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The Struggle for Independence: From Ireland to Catalonia

Photo by Lolo Manolo | CC BY 2.0

Falling into line with other EU governments, the Irish government declared it’s support for Spain against Catalonia. In the wake of the Catalan government declaring independence on October 27th 2017, the government of the Republic of Ireland issued a statement in which it said that it “does not accept or recognise the Catalan unilateral declaration of independence.”

May I also issue a statement: the Irish government does not speak for all of it’s citizens, there are those of us who do recognise Catalan independence because history is too heavy to dismiss.

I’m not surprised the Irish government is siding with Rajoy because the party currently in power in Ireland  is one with a dark history of supporting the wrong side on the Iberian peninsula. During the 1930s the founding father’s of today’s ruling party in Ireland sided with Franco in his push for a dictatorship.

Looking at the offcial website of the Irish Parliament , in particular its history section, hypocrisy reigns supreme. It tells us how the Irish Parliament came into being, how it came under severe suppression when it was deemed illegal by Britain. This little history lesson details how ” the British Government suppressed the Dail (Irish Parliament) and on 10 September 1919 Dail Eireann was declared a dangerous association and was prohibited……”

Following the December 1918 General Election in Britain, Ireland, which was still chained to the British empire, saw the independence movement Sinn Fein win 73 of the 105 seats available for Irish MPs in the House of Commons. Instead of taking up seats in the London Parliament, Sinn Fein followed through with what they had promised and set up an Irish Parliament in Dublin called Dail Eireann and on the 21st of January 1919 Ireland’s parliament was established in Dublin city. A cabinet was selected, courts set up, a constitution drawn and a declaration of independence followed an address to the free nations of the world.

The British response to the Irish Parliament was brutal. Members of the Irish Parliament were hounded and arrested. Those who evaded arrest tried to continue the work of parliament albeit in an underground fashion. The suppression of the Dail in 1919 can mirror what is going on in Catalonia today yet, those who now sit in the very same Irish Parliament suppressed and outlawed all those years ago have the audacity to ignore the facts of history.

Todays Irish government gladly celebrated the centenery  of the Easter Rising in 2016 and in 2019 no doubt will celebrate the centenery of the ‘outlawed’ Dail. The 1916 Easter Rising was an event which caught the attention of Catalans fighting their own battle for Independence. In the years following 1916 Catalans grew closer to the struggle in Ireland and followed it with great interest. They found in Ireland a kinship in the struggle against oppression.

After Dail Eireann was outlawed in early 1919, by the Winter of that year that very same outlawed government  in Dublin received a letter from staff at Catalan newspaper la veu de la Catalunya informing the Irish how their struggle gave Catalans the  “courage to pursue the fight and recover the freedom and the personality of Catalonia politically as well as socially.’

In the late 1920s a Catalan political movement emerged under the name Nosaltres Sols which translates to We Ourselves/ Ourselves Alone. It was a direct link to the influence of the Irish struggle and Sinn Fein which also translates to Ourselves Alone.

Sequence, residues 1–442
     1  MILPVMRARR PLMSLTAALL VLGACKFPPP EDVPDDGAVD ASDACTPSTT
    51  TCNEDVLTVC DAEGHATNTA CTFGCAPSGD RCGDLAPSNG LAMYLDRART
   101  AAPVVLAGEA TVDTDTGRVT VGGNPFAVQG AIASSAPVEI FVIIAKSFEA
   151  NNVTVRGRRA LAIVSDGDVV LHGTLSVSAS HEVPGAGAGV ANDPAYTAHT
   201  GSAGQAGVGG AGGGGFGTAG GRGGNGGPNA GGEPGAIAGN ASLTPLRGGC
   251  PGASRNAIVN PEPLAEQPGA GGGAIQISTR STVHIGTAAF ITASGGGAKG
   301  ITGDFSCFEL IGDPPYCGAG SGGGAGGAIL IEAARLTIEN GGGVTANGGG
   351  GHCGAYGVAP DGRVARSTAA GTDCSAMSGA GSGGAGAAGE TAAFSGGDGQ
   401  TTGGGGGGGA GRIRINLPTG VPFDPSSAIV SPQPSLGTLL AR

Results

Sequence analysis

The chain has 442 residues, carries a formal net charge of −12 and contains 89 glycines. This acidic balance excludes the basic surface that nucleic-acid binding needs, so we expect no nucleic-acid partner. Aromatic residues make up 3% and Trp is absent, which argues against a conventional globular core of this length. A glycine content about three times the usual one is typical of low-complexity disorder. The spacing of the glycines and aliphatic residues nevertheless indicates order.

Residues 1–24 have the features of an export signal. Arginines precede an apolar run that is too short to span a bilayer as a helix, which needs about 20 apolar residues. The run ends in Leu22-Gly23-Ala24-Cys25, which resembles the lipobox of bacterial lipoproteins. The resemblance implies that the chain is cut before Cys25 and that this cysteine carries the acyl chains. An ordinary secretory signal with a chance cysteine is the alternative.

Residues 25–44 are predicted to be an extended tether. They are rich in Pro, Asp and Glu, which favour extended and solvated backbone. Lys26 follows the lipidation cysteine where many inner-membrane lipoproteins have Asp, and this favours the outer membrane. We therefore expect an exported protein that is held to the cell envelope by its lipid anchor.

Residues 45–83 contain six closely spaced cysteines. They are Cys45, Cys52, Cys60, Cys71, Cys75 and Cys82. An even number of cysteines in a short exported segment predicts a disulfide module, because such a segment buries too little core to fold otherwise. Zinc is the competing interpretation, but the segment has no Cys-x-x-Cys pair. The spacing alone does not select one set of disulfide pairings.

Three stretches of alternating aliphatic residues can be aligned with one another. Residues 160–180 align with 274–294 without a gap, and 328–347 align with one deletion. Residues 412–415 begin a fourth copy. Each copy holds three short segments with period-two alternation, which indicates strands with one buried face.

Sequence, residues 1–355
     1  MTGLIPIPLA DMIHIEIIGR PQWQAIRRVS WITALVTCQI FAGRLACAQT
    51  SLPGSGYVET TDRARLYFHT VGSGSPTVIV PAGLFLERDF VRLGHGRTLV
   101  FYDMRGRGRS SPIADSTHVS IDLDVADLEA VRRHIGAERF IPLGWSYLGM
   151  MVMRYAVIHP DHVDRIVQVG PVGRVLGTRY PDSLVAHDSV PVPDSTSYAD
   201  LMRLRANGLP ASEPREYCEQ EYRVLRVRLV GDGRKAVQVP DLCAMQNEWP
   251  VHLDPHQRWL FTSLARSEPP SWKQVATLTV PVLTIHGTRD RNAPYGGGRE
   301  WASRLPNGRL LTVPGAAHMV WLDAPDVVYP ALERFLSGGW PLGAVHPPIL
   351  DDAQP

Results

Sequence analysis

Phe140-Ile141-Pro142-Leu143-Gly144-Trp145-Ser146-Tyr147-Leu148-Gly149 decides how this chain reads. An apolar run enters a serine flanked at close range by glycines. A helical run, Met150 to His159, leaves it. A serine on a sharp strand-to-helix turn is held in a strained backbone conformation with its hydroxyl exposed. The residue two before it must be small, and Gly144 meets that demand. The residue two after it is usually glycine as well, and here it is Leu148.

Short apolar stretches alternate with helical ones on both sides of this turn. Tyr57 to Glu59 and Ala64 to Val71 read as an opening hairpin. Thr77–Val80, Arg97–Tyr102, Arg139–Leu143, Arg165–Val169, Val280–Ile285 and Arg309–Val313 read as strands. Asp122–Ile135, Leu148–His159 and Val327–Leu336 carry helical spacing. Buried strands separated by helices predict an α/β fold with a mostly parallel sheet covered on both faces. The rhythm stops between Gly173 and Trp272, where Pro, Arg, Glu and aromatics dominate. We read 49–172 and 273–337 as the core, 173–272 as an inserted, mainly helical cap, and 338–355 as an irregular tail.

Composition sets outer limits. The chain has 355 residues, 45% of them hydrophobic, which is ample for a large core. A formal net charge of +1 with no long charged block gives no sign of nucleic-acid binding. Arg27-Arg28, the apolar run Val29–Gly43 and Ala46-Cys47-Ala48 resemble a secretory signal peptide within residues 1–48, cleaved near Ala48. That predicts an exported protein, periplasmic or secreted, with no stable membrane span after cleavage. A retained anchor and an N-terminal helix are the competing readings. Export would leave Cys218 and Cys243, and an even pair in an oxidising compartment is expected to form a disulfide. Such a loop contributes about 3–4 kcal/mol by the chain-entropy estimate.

During the years of the War of Independence in Ireland, the Irish Parliament strove for international recognition. Sean T O’Kelly, a future president of Ireland, was one of many delegates cast across the globe in search of international respect for the small nation seeking Independence from Britain. In 1921 during a speech in Paris O’Kelly added Catalonia to the swelling number of small nations in search of Independence stating  how they were ‘copying Irish methods and utilising Irish propaganda for inspiring their own men.”

Maire ni Bhriain was the Irish representative in Catalonia during 1920 and she wrote how when 18 year old medical student and IRA volunteer Kevin Barry was executed by the British , students at Barcelona University held a special mass attended by hundreds of people and then had a wreath made of waxed flowers and sent it to Dublin. While in Barcelona Maire also managed to raise funds for the Irish prisoners dependents fund and £120 was generously sent from the Catalans to the Irish.

Maire also detailed how when the Sinn Fein Lord Mayor of Cork Terence MacSwiney was arrested and sent to an English prison, his plight was carefully watched by the Catalans . When MacSwiney went on hunger strike and subsequently died, his death resulted in outpourings of grief in Catalonia.  Marie wrote ” university students and shop assistants all wore green ribbons on their buttons holes……the Catalans always cherish their desire for separation from Spain and their desire for independence is a common bond of sympathy between them and us.”

The Irish Parliament in 1919 was seen as an affront to the British empire, a threat to its hold on Ireland’s will for independence, so it was suppressed. The British response to the will of the Irish people in 1919 can be clearly identified in the response of the Spanish to the will of the Catalan people in 2017. Spain, like Britain in 1919, showed ill respect for democracy. Such is the pity that the Irish government now side with oppression, given our own history of being denied an Independent Republic.

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Pauline Murphy is a freelance writer from Ireland. 

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